Originally published on Fri February 20, 2015 3:24 pm
If you walk the streets of China today, you'll quickly notice that most young people wear glasses. In Shanghai, for instance, 86 percent of high school students suffer from myopia, or nearsightedness, according to the government's Xinhua News Agency.
Myopia has risen quickly in much of East Asia and Southeast Asia. And researchers are still trying to pin down exactly what's driving the epidemic.
Originally published on Wed February 4, 2015 7:27 pm
Most of the 92 cases of measles confirmed in California are among adults — more than 62 percent. Maybe they or their parents chose not to vaccinate, or maybe those people are allergic to one of the ingredients in the measles vaccine.
But it's also possible that a few of those adults happened to slip through the cracks when the measles vaccine first came to the public.
Originally published on Wed February 4, 2015 11:48 am
Something is destroying the kidneys of farm workers along the Pacific coast of Central America. Over the past two decades, more than 20,000 people in western Nicaragua and El Salvador — mostly men and many of them in their 20s and 30s — have died of a mysterious form of kidney failure. Researchers have been able to say definitively that it's not diabetes or other common causes of kidney failure.
The baby boomers are getting older: This year, 4 million people in America will turn 65.
In her new book, The Age of Dignity: Preparing for the Elder Boom in a Changing America, author Ai-jen Poo says that means the country is on the cusp of a major shift.
"The baby boom generation is reaching retirement age at a rate of 10,000 people per day," she tells NPR's Arun Rath. "What that means is that by 2050, 27 million Americans will need some form of long-term care or assistance, and that's the basis for this book."
Originally published on Fri January 30, 2015 1:26 pm
After a few cases here and there, measles is making a big push back into the national consciousness.
An outbreak linked to visitors to the Disneyland Resort Theme Parks in Orange County, Calif., has sickened 67 people in California and six other states according to the latest count from the Centers for Disease Control and Prevention.
Originally published on Mon January 26, 2015 10:53 am
Nearly half of all reported sports concussions occur during a high school football game or practice. And even when injured bodies are ready to get back on the field, injured brains might not be ready to return to class.
Originally published on Sat January 24, 2015 4:17 pm
Are you thinking about tax day yet? Your friendly neighborhood tax preparer is. IRS Commissioner John Koskinen declared this tax season one of the most complicated ever, partly because this is the first year that the Affordable Care Act will show up on your tax form.
Tax preparers from coast to coast are trying to get ready. Sue Ellen Smith manages an H&R Block office in San Francisco, and she is expecting things to get busy soon.
"This year taxes and health care intersect in a brand-new way," Smith says.
Originally published on Mon January 19, 2015 7:32 pm
When it comes to detox diets, we totally get the appeal.
Who's not drawn to the idea of flushing all the toxins out of our bodies — a sort of spring cleaning of our insides?
And yes, several years back, I even remember trying — if only for a day — the trendy cayenne-pepper liquid cleanse (as seen in this Mindy Kaling clip from The Office) as part of a cleansing/detox diet.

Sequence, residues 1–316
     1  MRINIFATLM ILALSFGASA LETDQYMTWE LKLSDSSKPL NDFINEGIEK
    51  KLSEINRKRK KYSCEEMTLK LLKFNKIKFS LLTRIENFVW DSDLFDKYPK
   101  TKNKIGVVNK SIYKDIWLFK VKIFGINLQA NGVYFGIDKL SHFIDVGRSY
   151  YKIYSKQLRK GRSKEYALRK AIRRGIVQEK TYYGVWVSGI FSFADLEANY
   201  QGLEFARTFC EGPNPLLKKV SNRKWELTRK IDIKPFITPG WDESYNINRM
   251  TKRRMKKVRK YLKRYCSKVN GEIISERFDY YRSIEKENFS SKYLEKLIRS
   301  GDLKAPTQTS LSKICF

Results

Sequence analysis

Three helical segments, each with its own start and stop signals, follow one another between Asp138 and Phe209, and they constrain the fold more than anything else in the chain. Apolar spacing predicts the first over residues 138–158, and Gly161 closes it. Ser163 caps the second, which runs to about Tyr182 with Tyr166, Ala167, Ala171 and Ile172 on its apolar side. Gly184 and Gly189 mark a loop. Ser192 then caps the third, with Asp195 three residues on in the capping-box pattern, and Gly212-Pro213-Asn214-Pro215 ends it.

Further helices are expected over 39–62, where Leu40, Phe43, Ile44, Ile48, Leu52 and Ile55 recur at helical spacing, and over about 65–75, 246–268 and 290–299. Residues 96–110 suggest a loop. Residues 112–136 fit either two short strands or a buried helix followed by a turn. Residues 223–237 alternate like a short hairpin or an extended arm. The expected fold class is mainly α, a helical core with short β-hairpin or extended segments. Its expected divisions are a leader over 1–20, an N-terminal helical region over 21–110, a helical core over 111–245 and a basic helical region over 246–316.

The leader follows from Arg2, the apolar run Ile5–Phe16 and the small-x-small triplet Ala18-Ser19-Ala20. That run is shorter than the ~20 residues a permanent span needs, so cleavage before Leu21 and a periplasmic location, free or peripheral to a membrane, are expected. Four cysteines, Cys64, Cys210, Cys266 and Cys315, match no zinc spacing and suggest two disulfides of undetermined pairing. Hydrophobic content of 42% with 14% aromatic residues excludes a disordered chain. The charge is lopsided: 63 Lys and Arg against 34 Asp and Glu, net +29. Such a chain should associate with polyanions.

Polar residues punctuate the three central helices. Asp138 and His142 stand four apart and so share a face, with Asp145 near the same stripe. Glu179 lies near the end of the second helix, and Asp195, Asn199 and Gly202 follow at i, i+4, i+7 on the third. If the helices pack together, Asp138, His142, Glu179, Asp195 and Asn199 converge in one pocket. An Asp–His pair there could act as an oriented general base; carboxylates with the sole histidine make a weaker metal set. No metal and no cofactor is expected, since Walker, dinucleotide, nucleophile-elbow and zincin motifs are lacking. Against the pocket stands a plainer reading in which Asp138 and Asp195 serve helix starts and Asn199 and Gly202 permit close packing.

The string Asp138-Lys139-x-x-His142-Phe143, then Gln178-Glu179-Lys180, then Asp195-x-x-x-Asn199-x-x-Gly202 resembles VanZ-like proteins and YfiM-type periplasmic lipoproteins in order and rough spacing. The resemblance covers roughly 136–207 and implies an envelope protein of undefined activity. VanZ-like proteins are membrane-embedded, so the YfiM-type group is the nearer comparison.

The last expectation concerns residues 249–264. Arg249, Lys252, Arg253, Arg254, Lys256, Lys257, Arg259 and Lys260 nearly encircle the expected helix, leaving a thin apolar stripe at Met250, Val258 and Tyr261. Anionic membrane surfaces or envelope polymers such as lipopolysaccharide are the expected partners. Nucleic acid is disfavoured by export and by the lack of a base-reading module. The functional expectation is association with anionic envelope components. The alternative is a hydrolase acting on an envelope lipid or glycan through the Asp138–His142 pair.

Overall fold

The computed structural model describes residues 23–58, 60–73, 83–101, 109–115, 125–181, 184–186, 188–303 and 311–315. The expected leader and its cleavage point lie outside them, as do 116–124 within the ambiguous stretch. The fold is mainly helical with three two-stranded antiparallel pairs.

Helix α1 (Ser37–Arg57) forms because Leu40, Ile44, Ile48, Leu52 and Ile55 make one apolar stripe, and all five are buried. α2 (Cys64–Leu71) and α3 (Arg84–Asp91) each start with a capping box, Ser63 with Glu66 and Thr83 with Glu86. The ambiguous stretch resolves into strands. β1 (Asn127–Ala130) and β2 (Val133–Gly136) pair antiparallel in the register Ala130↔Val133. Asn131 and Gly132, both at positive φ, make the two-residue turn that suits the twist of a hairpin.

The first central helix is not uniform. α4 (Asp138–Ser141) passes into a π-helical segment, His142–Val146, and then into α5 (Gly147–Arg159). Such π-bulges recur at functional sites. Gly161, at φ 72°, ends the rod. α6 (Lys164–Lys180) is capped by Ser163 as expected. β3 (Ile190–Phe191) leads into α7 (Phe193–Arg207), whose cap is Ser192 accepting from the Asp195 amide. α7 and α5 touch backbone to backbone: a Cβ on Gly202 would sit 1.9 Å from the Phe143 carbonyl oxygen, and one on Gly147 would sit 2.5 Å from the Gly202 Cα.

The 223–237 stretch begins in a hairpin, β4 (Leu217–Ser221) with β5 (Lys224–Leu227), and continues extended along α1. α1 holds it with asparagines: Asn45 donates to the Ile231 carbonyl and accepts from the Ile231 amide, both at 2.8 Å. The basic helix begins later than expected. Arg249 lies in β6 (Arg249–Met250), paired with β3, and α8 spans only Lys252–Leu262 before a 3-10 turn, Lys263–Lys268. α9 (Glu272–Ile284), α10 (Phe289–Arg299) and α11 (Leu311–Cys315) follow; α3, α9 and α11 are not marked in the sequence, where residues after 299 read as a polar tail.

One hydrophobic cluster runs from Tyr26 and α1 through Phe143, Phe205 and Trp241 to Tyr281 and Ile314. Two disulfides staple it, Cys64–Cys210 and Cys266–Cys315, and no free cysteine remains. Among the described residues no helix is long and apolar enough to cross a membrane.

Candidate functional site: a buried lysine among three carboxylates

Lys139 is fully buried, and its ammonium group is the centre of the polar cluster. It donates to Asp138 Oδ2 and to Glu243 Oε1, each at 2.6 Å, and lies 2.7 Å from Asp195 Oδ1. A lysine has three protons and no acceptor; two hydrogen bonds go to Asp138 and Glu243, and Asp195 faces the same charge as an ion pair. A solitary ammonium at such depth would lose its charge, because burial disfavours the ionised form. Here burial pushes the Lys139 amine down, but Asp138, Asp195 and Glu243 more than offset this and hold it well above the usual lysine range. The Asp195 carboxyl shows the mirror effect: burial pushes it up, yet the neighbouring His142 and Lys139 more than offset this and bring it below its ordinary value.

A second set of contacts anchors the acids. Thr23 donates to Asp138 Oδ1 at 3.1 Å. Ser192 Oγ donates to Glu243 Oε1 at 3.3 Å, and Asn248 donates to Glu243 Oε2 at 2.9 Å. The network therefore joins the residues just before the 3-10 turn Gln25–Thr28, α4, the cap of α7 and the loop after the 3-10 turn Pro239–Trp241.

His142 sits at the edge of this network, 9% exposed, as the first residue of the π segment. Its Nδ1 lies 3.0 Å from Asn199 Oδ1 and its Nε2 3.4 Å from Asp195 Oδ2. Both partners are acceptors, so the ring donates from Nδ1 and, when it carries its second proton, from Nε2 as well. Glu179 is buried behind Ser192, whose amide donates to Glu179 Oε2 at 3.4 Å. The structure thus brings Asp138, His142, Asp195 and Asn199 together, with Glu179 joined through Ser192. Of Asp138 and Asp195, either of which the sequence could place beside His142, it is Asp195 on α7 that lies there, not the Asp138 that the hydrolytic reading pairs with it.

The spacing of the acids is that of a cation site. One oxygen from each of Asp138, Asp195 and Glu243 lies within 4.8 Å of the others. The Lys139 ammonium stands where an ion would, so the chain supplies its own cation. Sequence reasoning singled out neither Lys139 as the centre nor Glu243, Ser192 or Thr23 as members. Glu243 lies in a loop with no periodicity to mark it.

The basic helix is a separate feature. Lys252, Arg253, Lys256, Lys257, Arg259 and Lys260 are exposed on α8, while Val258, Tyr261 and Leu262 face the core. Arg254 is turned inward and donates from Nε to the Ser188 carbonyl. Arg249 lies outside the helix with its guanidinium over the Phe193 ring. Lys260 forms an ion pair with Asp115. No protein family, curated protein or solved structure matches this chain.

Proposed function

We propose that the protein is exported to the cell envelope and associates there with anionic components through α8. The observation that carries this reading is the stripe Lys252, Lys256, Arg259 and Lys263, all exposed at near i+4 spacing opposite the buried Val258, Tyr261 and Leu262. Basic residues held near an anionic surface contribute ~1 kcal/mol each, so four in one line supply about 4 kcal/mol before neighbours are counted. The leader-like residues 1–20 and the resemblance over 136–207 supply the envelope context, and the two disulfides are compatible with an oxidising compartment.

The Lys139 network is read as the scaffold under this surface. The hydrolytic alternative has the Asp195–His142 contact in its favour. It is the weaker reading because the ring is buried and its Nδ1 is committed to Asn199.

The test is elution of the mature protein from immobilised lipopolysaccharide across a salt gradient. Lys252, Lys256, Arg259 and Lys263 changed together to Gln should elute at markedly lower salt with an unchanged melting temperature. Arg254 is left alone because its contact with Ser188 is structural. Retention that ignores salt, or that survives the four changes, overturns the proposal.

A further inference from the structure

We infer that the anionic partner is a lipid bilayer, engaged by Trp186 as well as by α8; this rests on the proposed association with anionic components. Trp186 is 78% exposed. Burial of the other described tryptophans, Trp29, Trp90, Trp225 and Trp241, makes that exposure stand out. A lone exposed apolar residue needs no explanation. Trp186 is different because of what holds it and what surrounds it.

Originally published on Fri January 16, 2015 8:56 am
When I was just beginning my third year as a medical student, I learned an important lesson about what matters most in health.
It was a typical summer afternoon in St. Louis, with the temperature and humidity both approaching 100. My patient was a woman in her 40s who was being admitted to the hospital because her lungs were filling with fluid, a complication of kidney failure. She had missed all three dialysis appointments that week.
Originally published on Fri January 16, 2015 8:56 am
In health insurance prices, as in the weather, Alaska and the Sun Belt are extremes. This year Alaska is the most expensive health insurance market for people who do not get coverage through their employers, while Phoenix, Albuquerque, N.M., and Tucson, Ariz., are among the very cheapest.
Originally published on Wed January 7, 2015 12:35 pm
A drug that is used worldwide to treat malaria is now being tested as a treatment for cervical cancer. This surprising idea is the result of a new laboratory technique that could have far-reaching uses.
Our story starts with Dr. Richard Schlegel at Georgetown University Medical Center. He's best known for inventing the Gardasil vaccine to protect women from cervical cancer.
Originally published on Thu January 8, 2015 8:06 am
Here's more evidence that for people with Type 1 diabetes, strict blood sugar control matters – in this case, it actually reduces the risk of early death. But another study reveals the grim reality: Those with the condition still die about a decade sooner than those without.
Originally published on Thu January 8, 2015 8:07 am
In December, the Food and Drug Administration approved a new obesity drug, Saxenda, the fourth prescription medicine the agency has given the green light to fight obesity since 2012. But even though two-thirds of adults are overweight or obese, there's a good chance their insurer won't cover Saxenda or other anti-obesity drugs.
Originally published on Mon January 5, 2015 4:17 pm
The last thing my 11-year-old does before she goes to sleep is put her iPod on the nightstand. And that could mean less sleep for her, researchers say.
There's plenty of evidence that children who have televisions in their rooms get less sleep. This is one of the first studies to look at whether having a small screen like an iPod or smartphone in the room also affects rest.